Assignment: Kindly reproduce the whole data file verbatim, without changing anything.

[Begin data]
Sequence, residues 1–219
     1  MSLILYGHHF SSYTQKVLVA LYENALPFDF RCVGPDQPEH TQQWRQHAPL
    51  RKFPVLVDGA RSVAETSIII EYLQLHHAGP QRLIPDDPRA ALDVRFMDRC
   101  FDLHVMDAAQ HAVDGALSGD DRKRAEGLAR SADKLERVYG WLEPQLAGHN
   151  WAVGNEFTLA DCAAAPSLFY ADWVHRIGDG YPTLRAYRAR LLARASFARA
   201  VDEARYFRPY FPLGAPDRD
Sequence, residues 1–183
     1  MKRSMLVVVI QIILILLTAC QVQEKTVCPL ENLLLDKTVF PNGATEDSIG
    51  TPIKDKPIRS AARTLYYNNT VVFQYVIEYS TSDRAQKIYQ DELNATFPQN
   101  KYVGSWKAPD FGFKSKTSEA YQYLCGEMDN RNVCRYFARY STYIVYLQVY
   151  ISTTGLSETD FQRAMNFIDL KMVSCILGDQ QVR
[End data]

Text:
Sequence, residues 1–219
     1  MSLILYGHHF SSYTQKVLVA LYENALPFDF RCVGPDQPEH TQQWRQHAPL
    51  RKFPVLVDGA RSVAETSIII EYLQLHHAGP QRLIPDDPRA ALDVRFMDRC
   101  FDLHVMDAAQ HAVDGALSGD DRKRAEGLAR SADKLERVYG WLEPQLAGHN
   151  WAVGNEFTLA DCAAAPSLFY ADWVHRIGDG YPTLRAYRAR LLARASFARA
   201  VDEARYFRPY FPLGAPDRD
Sequence, residues 1–183
     1  MKRSMLVVVI QIILILLTAC QVQEKTVCPL ENLLLDKTVF PNGATEDSIG
    51  TPIKDKPIRS AARTLYYNNT VVFQYVIEYS TSDRAQKIYQ DELNATFPQN
   101  KYVGSWKAPD FGFKSKTSEA YQYLCGEMDN RNVCRYFARY STYIVYLQVY
   151  ISTTGLSETD FQRAMNFIDL KMVSCILGDQ QVR